Clathrate hydrate

Clathrate hydrates, or gas hydrates, clathrates, hydrates, etc., are crystalline water-based solids physically resembling ice, in which small non-polar molecules (typically gases) or polar molecules with large hydrophobic moieties are trapped inside "cages" of hydrogen bonded, frozen water molecules.[1] [2] In other words, clathrate hydrates are clathrate compounds in which the host molecule is water and the guest molecule is typically a gas or liquid. Without the support of the trapped molecules, the lattice structure of hydrate clathrates would collapse into conventional ice crystal structure or liquid water. Most low molecular weight gases, including O2, H2, N2, CO2, CH4, H2S, Ar, Kr, and Xe, as well as some higher hydrocarbons and freons, will form hydrates at suitable temperatures and pressures. Clathrate hydrates are not officially chemical compounds, as the enclathrated guest molecules are never bonded to the lattice. The formation and decomposition of clathrate hydrates are first order phase transitions, not chemical reactions. Their detailed formation and decomposition mechanisms on a molecular level are still not well understood.[3][4][5] Clathrate hydrates were first documented in 1810 by Sir Humphry Davy who found that water was a primary component of what was earlier thought to be solidified chlorine.[6][7]

Methane clathrate block embedded in the sediment of hydrate ridge, off Oregon, USA

Clathrates have been found to occur naturally in large quantities. Around 6.4 trillion (6.4×1012) tonnes of methane is trapped in deposits of methane clathrate on the deep ocean floor.[8] Such deposits can be found on the Norwegian continental shelf in the northern headwall flank of the Storegga Slide. Clathrates can also exist as permafrost, as at the Mallik gas hydrate site in the Mackenzie Delta of northwestern Canadian Arctic. These natural gas hydrates are seen as a potentially vast energy resource and several countries have dedicated national programs to develop this energy resource.[9] Clathrate hydrate has also been of great interest as technology enabler for many applications like seawater desalination,[10] gas storage,[11] carbon dioxide capture & storage,[12] cooling medium for data centre[13] and district cooling etc. Hydrocarbon clathrates cause problems for the petroleum industry, because they can form inside gas pipelines, often resulting in obstructions. Deep sea deposition of carbon dioxide clathrate has been proposed as a method to remove this greenhouse gas from the atmosphere and control climate change. Clathrates are suspected to occur in large quantities on some outer planets, moons and trans-Neptunian objects, binding gas at fairly high temperatures.[14]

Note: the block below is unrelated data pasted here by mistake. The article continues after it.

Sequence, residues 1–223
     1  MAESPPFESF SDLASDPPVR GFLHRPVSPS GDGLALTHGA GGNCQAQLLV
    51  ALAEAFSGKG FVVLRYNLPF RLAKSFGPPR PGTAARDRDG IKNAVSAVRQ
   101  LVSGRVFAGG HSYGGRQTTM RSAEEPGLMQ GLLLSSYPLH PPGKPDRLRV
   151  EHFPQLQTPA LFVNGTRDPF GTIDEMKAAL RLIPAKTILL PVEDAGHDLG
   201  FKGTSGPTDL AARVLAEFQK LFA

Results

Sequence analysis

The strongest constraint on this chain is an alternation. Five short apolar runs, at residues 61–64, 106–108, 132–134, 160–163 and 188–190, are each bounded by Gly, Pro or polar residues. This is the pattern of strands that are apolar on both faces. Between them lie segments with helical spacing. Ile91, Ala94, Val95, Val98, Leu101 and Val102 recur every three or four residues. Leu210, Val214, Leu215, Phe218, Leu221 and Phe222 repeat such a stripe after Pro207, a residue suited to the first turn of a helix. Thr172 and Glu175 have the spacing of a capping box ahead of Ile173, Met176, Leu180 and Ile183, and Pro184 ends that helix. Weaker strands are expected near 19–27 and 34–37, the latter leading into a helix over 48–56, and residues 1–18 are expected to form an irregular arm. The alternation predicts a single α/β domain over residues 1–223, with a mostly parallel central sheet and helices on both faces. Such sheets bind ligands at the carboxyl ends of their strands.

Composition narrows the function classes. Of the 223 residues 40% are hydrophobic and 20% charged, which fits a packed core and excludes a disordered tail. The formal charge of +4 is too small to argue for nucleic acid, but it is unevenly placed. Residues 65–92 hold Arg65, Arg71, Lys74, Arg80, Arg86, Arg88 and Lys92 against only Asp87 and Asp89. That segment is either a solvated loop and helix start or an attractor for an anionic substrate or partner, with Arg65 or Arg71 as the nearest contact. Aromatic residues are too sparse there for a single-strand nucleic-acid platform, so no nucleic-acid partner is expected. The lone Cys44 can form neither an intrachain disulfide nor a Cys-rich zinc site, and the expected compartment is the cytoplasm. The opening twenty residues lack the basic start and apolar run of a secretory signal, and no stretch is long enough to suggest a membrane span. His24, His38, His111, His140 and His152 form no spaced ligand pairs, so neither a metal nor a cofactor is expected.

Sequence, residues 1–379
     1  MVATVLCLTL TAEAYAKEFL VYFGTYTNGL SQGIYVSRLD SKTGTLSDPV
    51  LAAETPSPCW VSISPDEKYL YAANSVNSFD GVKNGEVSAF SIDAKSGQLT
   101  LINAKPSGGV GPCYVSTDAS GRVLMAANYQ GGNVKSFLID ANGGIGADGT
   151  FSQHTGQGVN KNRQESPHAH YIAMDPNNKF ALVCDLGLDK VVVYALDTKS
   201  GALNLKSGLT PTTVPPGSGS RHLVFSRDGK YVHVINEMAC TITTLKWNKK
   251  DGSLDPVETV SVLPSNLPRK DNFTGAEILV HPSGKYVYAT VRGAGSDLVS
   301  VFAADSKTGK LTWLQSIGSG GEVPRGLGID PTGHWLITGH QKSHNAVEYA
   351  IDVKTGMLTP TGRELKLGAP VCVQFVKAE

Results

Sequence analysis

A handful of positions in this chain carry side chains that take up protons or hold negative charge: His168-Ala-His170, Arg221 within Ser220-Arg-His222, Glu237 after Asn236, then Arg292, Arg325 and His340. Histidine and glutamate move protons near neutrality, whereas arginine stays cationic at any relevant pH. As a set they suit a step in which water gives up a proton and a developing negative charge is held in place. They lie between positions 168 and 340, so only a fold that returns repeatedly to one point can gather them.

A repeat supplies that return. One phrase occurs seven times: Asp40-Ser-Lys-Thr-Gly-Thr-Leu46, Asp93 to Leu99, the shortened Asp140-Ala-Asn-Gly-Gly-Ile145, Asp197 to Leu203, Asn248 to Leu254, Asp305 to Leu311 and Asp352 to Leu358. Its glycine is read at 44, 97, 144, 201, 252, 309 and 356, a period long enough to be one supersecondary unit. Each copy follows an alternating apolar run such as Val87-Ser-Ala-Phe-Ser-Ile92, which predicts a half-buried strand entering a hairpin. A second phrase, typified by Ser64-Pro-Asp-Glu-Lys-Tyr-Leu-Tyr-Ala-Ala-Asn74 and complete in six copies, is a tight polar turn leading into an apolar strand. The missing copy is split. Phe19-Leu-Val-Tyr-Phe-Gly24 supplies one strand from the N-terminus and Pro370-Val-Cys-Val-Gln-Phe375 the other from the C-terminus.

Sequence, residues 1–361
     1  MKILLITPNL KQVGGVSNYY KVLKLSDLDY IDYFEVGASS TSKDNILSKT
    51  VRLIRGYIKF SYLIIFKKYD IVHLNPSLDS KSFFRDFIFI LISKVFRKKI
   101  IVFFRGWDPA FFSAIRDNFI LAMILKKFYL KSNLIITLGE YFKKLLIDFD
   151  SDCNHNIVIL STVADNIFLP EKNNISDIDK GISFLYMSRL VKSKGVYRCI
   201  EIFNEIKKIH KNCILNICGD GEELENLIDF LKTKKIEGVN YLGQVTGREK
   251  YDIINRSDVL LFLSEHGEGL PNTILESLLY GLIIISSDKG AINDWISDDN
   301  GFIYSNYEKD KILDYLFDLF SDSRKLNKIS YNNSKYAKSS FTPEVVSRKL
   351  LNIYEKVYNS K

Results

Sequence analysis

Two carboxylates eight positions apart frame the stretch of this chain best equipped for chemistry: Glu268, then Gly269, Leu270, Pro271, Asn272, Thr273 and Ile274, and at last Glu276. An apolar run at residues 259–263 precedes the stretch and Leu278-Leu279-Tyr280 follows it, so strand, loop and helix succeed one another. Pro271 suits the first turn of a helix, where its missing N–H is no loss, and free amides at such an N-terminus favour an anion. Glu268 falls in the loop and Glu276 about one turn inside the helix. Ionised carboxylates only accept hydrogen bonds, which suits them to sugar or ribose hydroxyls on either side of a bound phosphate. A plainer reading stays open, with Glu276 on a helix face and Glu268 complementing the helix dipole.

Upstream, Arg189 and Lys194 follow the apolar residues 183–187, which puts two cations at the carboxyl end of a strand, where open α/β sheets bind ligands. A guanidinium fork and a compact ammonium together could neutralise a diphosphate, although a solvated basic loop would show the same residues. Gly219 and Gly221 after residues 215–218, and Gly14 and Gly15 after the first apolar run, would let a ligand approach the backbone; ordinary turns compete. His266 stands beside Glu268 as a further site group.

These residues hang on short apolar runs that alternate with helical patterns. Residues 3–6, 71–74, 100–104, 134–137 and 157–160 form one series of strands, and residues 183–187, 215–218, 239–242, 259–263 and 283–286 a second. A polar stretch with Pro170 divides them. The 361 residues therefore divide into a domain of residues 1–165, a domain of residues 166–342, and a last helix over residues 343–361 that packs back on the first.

Cages building the different gas hydrate structures.

Gas hydrates usually form two crystallographic cubic structures: structure (Type) I (named sI) and structure (Type) II (named sII)[15] of space groups   and   respectively. A third hexagonal structure of space group   may also be observed (Type H).[16]

The unit cell of Type I consists of 46 water molecules, forming two types of cages – small and large. The unit cell contains two small cages and six large ones. The small cage has the shape of a pentagonal dodecahedron (512) (which is not a regular dodecahedron) and the large one that of a tetradecahedron, specifically a hexagonal truncated trapezohedron (51262). Together, they form a version of the Weaire–Phelan structure. Typical guests forming Type I hydrates are CO2 in carbon dioxide clathrate and CH4 in methane clathrate.

The unit cell of Type II consists of 136 water molecules, again forming two types of cages – small and large. In this case there are sixteen small cages and eight large ones in the unit cell. The small cage again has the shape of a pentagonal dodecahedron (512), but the large one is a hexadecahedron (51264). Type II hydrates are formed by gases like O2 and N2.